Mrs Lam had told the media earlier this week that the government would have a meeting with prominent figures to discuss the setting up of a “platform for dialogue” to resolve the political crisis.
Names floated in local media include former chief secretary Henry Tang, ex-transport chief Anthony Cheung, former Legco president Tsang Yok Sing, Cardinal John Tong, and university heads Stephen Cheung and Ronald Chin.
But the protest group criticised that the individuals invited to this meeting will not be able to produce a channel for genuine dialogue with the people.
RTHK reported that one of the participants of the meeting, politician Raymond Mak Ka Chun, noted that the session was peaceful and sincere, but he said it is not advisable for the government to communicate directly with protesters.
He said that the government should let the different spectrums of society communicate and calm down first before having dialogue.
Meanwhile, in an unprecedented move, train operator MTR Corporation stopped operating trains along a large stretch of the Kwun Tong line from noon on Saturday (Aug 24), ahead of a march which kicked off at 1.30pm.
The Kwun Tong line resumed normal services only at 11.45pm on Saturday. Some gates in Kowloon Bay and Kwun Tong stations were damaged.
MTR, which has come under fire by Chinese state media for helping protesters escape from the police, said it suspended train services and closed stations along the Kwun Tong line to ensure the safety of passengers and staff.
While many protesters reached the destination at the Zero Carbon Building in Kowloon Bay, a group broke away to the nearby Ngau Tau Kok police station where they set up barricades to block the road, in a stand-off with the police, which later turned into clashes, prompting the authorities to fire tear gas at the demonstrators.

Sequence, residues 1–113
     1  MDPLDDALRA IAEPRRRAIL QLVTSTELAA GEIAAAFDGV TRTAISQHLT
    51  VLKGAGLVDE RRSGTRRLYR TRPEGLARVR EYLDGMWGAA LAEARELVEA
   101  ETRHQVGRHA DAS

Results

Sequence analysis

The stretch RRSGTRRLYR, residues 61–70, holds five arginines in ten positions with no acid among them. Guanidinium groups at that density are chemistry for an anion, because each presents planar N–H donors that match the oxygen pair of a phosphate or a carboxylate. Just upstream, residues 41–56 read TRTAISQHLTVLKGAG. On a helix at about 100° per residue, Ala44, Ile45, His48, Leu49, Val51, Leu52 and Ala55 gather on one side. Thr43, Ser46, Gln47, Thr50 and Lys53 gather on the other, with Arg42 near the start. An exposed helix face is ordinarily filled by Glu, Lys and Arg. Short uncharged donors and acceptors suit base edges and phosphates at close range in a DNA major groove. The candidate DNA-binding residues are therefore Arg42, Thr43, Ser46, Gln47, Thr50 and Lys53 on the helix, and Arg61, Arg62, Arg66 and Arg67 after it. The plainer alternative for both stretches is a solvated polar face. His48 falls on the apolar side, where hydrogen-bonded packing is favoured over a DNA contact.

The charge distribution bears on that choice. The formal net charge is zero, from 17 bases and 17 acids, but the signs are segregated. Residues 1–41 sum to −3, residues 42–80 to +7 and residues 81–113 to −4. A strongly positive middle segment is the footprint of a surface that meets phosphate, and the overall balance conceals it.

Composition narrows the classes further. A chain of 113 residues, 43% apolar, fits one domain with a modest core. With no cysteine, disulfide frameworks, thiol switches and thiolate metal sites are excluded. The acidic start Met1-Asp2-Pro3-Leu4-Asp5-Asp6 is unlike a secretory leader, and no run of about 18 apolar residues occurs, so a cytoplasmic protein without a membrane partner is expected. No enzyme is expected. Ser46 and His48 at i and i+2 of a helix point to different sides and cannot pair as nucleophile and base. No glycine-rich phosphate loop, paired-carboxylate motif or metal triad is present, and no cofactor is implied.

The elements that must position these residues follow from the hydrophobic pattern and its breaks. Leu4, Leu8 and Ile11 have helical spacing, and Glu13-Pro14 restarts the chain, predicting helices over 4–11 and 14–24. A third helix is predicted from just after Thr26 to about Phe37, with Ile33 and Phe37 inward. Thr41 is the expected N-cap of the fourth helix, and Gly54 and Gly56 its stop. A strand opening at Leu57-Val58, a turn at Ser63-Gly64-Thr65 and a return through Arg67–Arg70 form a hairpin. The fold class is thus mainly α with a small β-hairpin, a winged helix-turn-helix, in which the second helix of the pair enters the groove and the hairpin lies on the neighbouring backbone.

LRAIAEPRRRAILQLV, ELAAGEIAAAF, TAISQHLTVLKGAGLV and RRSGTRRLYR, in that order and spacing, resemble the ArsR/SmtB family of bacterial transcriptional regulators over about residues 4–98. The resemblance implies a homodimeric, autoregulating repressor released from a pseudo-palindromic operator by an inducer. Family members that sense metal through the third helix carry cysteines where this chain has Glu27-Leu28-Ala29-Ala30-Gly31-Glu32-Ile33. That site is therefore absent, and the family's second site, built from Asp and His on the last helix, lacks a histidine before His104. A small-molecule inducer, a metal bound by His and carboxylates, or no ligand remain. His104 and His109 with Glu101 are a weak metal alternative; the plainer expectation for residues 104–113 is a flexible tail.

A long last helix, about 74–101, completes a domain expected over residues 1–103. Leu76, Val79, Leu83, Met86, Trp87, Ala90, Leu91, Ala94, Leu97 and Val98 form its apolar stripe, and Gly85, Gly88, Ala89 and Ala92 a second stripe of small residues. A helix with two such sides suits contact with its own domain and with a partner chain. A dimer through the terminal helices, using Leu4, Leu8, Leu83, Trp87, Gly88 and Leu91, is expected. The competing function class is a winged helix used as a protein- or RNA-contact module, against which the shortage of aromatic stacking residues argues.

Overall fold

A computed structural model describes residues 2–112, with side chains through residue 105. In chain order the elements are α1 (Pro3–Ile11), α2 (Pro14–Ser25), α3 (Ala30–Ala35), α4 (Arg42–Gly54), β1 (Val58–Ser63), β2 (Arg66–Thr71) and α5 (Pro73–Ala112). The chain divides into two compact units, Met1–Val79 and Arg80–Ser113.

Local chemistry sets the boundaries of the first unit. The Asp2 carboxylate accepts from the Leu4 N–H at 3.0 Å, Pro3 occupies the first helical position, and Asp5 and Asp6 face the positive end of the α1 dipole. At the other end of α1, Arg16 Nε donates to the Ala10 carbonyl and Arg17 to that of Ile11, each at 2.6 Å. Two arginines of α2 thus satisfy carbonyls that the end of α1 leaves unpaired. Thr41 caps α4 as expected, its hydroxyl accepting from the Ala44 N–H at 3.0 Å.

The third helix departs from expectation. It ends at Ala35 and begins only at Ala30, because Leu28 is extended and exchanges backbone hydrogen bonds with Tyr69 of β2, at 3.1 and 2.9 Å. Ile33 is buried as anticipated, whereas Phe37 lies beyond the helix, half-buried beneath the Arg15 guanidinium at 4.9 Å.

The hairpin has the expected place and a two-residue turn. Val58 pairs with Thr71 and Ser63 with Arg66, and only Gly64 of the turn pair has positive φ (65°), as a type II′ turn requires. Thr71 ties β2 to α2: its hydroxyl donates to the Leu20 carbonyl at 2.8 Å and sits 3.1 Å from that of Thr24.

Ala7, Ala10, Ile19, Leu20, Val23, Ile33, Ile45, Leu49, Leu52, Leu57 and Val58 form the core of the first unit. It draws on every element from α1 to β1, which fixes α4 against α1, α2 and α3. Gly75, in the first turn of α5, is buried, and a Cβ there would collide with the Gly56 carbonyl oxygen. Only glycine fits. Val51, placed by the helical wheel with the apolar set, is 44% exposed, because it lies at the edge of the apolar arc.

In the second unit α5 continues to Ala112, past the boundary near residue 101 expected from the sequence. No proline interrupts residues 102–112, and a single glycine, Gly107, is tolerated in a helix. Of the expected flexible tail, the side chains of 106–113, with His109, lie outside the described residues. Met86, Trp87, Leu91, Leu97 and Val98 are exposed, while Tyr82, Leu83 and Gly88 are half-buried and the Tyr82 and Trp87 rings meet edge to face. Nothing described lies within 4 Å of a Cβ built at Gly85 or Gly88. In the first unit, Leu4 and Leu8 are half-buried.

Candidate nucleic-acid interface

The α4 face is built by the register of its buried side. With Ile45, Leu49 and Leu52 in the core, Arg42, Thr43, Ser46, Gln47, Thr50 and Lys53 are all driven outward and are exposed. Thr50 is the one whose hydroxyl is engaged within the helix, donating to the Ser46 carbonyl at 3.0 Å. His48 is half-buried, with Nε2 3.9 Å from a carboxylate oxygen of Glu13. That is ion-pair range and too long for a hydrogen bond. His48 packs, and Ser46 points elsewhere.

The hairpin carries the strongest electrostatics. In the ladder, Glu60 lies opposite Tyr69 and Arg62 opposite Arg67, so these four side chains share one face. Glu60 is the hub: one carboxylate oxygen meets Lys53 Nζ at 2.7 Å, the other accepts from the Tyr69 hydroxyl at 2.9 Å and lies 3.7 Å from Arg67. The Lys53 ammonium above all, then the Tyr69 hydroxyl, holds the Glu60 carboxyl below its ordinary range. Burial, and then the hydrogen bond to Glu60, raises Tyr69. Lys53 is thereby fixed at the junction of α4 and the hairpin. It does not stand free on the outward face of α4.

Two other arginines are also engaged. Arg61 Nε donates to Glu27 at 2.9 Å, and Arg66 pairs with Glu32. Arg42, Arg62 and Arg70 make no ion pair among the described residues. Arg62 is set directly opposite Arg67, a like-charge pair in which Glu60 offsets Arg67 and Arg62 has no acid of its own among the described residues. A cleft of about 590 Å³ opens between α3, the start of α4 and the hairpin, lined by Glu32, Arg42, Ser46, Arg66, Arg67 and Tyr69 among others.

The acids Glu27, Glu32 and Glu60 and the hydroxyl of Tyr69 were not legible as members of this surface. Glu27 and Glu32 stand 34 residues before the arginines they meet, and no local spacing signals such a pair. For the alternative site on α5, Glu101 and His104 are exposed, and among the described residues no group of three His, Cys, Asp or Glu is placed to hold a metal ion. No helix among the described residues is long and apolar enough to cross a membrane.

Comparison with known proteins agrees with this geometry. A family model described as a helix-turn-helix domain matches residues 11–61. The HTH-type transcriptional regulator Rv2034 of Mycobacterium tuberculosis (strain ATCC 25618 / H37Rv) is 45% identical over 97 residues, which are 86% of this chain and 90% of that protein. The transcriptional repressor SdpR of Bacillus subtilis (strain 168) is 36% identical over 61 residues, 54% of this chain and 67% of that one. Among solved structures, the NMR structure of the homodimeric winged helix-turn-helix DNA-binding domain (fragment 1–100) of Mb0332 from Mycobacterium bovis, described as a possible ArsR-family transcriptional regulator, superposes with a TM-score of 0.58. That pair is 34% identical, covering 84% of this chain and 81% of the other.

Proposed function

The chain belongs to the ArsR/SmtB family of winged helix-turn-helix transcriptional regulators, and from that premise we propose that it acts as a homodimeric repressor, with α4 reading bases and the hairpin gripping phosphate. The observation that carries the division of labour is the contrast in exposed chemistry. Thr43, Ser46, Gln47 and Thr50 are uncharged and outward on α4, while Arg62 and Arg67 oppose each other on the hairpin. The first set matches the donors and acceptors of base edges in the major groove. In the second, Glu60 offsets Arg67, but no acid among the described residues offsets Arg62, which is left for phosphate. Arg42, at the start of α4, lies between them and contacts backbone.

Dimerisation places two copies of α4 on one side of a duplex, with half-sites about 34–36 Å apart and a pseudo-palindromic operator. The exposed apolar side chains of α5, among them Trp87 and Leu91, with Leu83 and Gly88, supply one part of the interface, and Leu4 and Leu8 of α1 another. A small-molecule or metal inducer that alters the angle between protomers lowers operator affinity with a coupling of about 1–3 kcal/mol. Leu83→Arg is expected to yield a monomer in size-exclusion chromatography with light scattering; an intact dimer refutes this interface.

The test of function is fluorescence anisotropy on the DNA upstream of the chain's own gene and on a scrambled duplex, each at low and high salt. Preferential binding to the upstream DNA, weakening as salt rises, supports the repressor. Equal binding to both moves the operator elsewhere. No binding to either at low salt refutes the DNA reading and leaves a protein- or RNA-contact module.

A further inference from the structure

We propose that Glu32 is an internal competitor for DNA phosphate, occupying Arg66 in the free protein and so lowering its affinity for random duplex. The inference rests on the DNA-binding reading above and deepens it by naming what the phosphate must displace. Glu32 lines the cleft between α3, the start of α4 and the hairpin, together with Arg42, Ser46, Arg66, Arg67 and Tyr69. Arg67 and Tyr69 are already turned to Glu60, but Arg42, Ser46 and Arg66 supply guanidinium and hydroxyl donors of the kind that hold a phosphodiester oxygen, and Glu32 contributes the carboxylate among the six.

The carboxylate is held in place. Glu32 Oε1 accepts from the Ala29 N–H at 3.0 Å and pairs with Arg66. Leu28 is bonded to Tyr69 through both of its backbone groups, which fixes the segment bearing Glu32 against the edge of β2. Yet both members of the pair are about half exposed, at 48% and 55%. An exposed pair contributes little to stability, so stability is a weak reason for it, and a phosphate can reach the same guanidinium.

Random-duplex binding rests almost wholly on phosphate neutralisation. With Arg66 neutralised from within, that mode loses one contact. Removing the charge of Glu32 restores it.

A police statement said the protesters have started fires and hurled bricks at police officers, noting that their acts posed a serious threat to public safety.
"After repeated warnings to the protesters went futile, police officers have deployed tear gas and minimum force to disperse protestors outside Ngau Tau Kok division police station," the police said in a statement.
Earlier, dozens of riot police in full gear were seen earlier outside the station but most retreated to nearby Sui Yip Street and were in the area of Telford Plaza.
In the same district, a separate group of protesters had earlier gathered outside Kwun Tong Station chanting "hak seh wui" or triads in Cantonese, in a reference to the police for the latter's suspected ties to gangsters.
The police said the protesters have set up barricades with water-filled barriers, bamboo sticks and other objects outside the street of the station, causing traffic congestion and affecting the emergency services in the area.
"Some violent protesters maliciously damaged lampposts on Sheung Yuet Road, Kwun Tong and vandalised government properties, neglecting other road users’ safety," said the force.
March organiser Ventus Lau blasted the MTR's decision and warned that the train operator not only inconvenienced people across East Kowloon, but also possibly put participants in danger given that there is no way for them to leave the area after the protest, RTHK reported.